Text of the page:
According to Walter Isaacson’s biography of Jobs, there was another factor. When Jobs showed a drawing of the clover leaf to his son, Reed, the teenager commented that from the air, the building would look like male genitalia. The next day Jobs repeated the observation to the architects, warning them that from that point on, “you’re never going to be able to erase that vision from your mind.” (Foster and Behling say they have no recollection of this.)
By June 2010 it was a circle. No one takes full credit for the shape; all seem to feel it was inevitable all along. “Steve dug it right away,” Foster says.
By that fall Whisenhunt had heard that a former HP campus in Cupertino might be available. The 100-acre plot was just north of Apple’s planned site. What’s more, it had deep meaning for Jobs. As a young teen, he had talked his way into a summer job at HP, just at the time when its founders—Jobs’ heroes—were walking that site and envisioning an office park cluster for their computer systems division. Now HP was contracting and no longer needed the space. Whisenhunt worked a deal, and Apple’s project suddenly grew to 175 acres.
“Steve’s original intention was to sort of blur that line between the inside and outside,” says Lisa Jackson, Apple’s environment czar. “It sort of wakes up your senses.”
Jobs had always insisted that most of the site be covered with trees; he even took the step of finding the perfect tree expert to create his corporate Arden. He loved the foliage at the Dish and found one of the arborists responsible. David Muffly, a cheerful, bearded fellow with a Lebowski-ish demeanor, was in a client’s backyard in Menlo Park when he got the call to come to Jobs’ office to talk trees. He was massively impressed with the Apple CEO’s taste and knowledge. “He had a better sense than most arborists,” Muffly says. “He could tell visually which trees looked like they had good structure.” Jobs was adamant that the new campus house indigenous flora, and in particular he wanted fruit trees from the orchards he remembered from growing up in Northern California.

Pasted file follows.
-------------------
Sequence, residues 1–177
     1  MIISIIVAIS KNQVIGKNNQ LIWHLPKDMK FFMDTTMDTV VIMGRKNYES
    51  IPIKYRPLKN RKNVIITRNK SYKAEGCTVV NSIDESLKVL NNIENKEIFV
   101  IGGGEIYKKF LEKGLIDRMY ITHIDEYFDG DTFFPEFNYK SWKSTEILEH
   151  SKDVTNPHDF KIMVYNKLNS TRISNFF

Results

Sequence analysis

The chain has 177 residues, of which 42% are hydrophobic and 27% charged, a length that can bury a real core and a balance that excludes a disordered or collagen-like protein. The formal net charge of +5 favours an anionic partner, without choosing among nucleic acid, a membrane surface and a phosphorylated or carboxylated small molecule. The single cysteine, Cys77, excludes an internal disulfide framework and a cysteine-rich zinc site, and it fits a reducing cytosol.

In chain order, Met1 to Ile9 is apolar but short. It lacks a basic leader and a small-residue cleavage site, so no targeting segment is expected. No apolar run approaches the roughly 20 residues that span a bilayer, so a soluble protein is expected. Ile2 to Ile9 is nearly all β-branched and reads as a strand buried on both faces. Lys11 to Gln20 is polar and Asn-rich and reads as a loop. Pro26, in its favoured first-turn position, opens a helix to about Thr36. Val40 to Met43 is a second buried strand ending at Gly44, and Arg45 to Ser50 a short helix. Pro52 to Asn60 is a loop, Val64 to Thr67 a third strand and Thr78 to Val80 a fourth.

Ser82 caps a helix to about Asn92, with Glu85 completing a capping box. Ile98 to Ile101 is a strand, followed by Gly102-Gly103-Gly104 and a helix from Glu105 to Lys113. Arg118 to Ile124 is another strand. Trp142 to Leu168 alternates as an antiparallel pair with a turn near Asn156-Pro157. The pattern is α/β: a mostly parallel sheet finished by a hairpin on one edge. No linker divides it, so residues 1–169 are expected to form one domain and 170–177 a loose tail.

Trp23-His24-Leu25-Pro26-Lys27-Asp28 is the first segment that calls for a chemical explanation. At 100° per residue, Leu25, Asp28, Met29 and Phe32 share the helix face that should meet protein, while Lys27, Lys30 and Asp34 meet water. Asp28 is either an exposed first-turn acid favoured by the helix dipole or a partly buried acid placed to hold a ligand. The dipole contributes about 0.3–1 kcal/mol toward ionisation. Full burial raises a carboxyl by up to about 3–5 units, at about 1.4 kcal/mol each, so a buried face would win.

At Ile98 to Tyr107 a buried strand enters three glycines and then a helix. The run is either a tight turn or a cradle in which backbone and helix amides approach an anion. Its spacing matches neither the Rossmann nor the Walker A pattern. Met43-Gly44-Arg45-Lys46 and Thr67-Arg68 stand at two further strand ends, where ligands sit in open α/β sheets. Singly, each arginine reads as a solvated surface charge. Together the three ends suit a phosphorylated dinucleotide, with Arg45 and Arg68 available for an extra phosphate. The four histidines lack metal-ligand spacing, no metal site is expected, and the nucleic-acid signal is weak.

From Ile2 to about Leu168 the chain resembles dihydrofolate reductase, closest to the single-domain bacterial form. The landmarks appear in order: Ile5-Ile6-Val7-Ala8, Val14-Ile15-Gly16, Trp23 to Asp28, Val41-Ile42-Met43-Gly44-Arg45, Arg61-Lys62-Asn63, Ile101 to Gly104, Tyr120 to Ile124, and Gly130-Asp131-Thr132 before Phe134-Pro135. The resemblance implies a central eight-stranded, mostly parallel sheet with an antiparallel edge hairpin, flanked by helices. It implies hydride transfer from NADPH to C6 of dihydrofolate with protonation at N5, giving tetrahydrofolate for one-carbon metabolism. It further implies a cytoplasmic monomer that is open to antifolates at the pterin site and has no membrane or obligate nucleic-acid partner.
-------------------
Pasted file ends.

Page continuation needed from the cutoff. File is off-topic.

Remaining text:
Apple will ultimately plant almost 9,000 trees. Muffly was told that the landscape should be future proof and that he should choose drought-tolerant varieties so his mini forest and meadows could survive a climate crisis. (As part of its ecological efforts to prevent such a crisis, Apple claims, its buildings will run solely on sustainable energy, most of it from solar arrays on the roofs.) Jobs’ aims were not just aesthetic. He did his best thinking during walks and was especially inspired by rambling in nature, so he envisioned how Apple workers would do that too. “Can you imagine doing your work in a national park?” says Tim Cook, who succeeded Jobs as CEO in 2011. “When I really need to think about something I’m struggling with, I get out in nature. We can do that now! It won’t feel like Silicon Valley at all.”